You Need a Job, a Calling and a Passion.

Jobs Help Wanted
I don’t understand why it happens, but it does.

People ask me for career advice. All the time. Even people who make a lot more money than I do. Especially, it seems, people who make a lot more money than I do.

Which, I think, is why they are drawn to me. I am obviously not making a lot of money, yet seem to like my job and career, despite it being very hard. So several times a month, I am sitting across the table at a coffee shop, talking to someone about vocation. Their future. What they want to be when they grow up.

They tell me about their dreams of changing the world. How they don’t feel they are being useful in their current situation. How they just go through the motions, and feel like they are committing suicide on the installment plan.

Or they are still in college or grad school, and the job offers they are getting don’t look like what they envisioned when they picked this major, and they don’t want to give up their dreams.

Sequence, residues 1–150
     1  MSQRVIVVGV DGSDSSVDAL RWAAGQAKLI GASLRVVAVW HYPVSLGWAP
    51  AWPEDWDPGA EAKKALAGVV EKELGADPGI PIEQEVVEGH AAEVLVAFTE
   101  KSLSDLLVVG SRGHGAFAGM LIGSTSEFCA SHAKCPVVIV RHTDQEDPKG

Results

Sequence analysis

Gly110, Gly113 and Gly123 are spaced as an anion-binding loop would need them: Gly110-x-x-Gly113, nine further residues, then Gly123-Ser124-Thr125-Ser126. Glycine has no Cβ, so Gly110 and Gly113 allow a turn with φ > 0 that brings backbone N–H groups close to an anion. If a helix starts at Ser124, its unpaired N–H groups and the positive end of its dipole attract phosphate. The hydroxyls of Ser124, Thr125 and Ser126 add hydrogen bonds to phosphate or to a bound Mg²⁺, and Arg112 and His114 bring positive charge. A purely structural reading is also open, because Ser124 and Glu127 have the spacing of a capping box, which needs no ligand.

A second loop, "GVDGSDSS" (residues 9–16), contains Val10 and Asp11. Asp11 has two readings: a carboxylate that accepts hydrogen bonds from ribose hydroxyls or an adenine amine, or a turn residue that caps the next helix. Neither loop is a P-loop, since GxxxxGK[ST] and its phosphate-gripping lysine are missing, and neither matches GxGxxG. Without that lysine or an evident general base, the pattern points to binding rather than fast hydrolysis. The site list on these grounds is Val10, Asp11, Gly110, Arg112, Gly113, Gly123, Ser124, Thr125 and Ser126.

So they read something I wrote, or I speak at their church or college or a friend recommends they call me, and we end up in that coffee shop. It turns out,  I know a little bit about deciding to change.

I listen to them. I’m good at listening. I hear their stories, their desires, their aches. I hear their frustrations and fears. I hear them give voice to the desire to change the world, while also having to pay bills and feed their families. I listen to all of that.

And then I tell them: You need to find a job, a calling and a passion. 

First, some definitions:

A job is something you do for which you get money in return. The sole purpose of a job is to pay your bills. You may derive other benefits from a job, but that just means you are lucky.

A calling is what you feel moved to do in the world. Your concern for homelessness, or inner-city children, or the urban family, or native plants or ecological restoration. A calling is, to paraphrase Buechner, the intersection of your yearning and the world’s need.

A passion, for our purposes, is something not related to the first two things that fills you, that moves you, that you can work on to replenish your emptiness and that you look forward to. Maybe it’s painting, or kayaking, or running, or stamp collecting. Whatever. It should be something you can lose yourself in that brings you happiness.

Sitting in that coffee shop, I tell them about getting a job, a calling and a passion. I tell them that their unhappiness comes from wanting to get all three of those things from the same place. That rarely happens. In fact, I argue, it probably shouldn’t happen.